The World's End
by Simon Pegg and Edgar Wright
The Invasion of the Body Snatchers
By Jack Finney
(Simon & Schuster)
There have been at least four official adaptations of Jack Finney's paranoid science fiction horror classic The Invasion of the Body Snatchers
(the third was just titled Body Snatchers
and the fourth just The Invasion
; the next will probably be Of
), but they all failed to depict the author's original ending. The World's End
isn't strictly speaking an adaptation of Finney's novel, though it has many similarities, including an approximation of its ending. I can't say for certain that writers Simon Pegg and Edgar Wright have actually read Finney's book, but after seeing their film I'd be surprised to learn they hadn't.
There will be SPOILERS, so if you haven't seen the film and/or read the book in question, look away now. Suffice to say, I throughly enjoyed The World's End
as I did Shaun of the Dead
(an obvious tribute to George Romero's Dead
films) and Hot Fuzz
(which paid homage to another favorite of mine, The Wicker Man
, even including the star of that film in a prominent role).
Everyone out who's getting out? Good.
Invasion of the Body Snatchers
is, as most filmgoers are aware (even if they haven't seen any of the film versions) about pods from outer space that drift to Earth, duplicate perfectly and replace people down to their memories and scars with one difference: they have no emotions. The usual tack of the films is to suggest that the pods are able to take us over because we've pretty much taken ourselves down that path already, and it was an effective and satisfying theme in the first two films at least. In both, near the end, the male protagonist discovers that the female protagonist, his girlfriend, has succumbed to the pods (if you fall asleep, they can take you over). It was not the ending that Finney wrote, however. Either because he was more optimistic about humanity than the filmmakers or because he lacked the conviction to put such a downbeat ending on the novel, he ends it before the female lead is replaced, with the pods realizing that they cannot conquer man's indomitable spirit, and give up, blasting off into space en masse. Those pods that have already taken over and replaced people remain, but live their lives the way those people would have, more or less, and the surviving human let them be.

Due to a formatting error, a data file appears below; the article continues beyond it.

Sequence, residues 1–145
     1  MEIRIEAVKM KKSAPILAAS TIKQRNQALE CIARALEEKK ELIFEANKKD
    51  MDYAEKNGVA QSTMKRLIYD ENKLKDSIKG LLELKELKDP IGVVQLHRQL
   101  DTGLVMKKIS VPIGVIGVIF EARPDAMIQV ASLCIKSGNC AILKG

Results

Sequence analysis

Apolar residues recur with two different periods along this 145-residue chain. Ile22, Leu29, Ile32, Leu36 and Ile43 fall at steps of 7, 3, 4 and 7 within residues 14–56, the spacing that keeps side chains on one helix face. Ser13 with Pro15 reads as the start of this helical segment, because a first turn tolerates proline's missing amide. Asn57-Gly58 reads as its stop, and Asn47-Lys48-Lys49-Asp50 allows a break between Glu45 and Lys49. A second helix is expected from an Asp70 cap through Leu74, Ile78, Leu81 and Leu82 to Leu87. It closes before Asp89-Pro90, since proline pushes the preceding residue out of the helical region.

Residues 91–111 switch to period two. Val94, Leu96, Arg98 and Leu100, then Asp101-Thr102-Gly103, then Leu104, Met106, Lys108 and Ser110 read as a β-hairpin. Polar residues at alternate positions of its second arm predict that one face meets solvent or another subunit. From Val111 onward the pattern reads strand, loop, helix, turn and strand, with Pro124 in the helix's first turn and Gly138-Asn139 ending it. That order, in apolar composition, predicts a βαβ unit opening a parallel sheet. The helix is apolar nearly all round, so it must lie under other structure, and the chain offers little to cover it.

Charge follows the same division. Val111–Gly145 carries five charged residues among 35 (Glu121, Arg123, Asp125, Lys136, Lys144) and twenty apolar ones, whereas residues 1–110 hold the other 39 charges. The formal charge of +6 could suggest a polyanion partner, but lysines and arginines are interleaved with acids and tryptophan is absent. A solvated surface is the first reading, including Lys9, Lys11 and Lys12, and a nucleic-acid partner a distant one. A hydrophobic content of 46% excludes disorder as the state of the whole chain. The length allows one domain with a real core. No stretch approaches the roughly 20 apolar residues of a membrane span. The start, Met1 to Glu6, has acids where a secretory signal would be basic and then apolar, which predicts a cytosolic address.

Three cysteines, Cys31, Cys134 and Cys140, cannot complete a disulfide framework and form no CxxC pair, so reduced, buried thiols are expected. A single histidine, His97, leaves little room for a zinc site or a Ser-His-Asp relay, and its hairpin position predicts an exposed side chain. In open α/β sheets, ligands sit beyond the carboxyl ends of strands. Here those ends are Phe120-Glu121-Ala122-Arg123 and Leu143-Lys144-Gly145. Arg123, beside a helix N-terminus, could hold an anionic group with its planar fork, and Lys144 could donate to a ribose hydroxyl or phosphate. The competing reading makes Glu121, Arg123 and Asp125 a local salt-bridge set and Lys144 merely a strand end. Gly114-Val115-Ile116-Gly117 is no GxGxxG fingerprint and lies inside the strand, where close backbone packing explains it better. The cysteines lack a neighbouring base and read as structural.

That is almost exactly the ending of The World's End
The World's End
is about five old school buddies from a small town who return there for an epic 10-pub crawl, during which they discover almost everyone in the town has been replaced by some sort of artificial creature from outer space. They're closer to robots than pods, though they deny they are robots, and seem to have the essence of the people in them (though whether it's a copy of that essence or just a transfer isn't really established).
At the end, the remaining humans persuade the aliens that although they think they're doing this for our own good, it's not working; they've had to replace virtually everyone. So the aliens depart, leaving the replicants to live out their lives as well as they can ... although the alien's departure has also removed almost all of our technology (apparently the aliens were responsible for it) and killed a lot of people.
That doing it for our own good bit is reminiscent of another film/book, too: The Monitors
. In that, aliens do take over the world for our benefit, and give up when they realize how self-destructive we are and that their presence is actually making it worse. In the film version, the aliens leave; in the book, they allow the humans to hire them to run things so it doesn't seem like an invasion/takeover.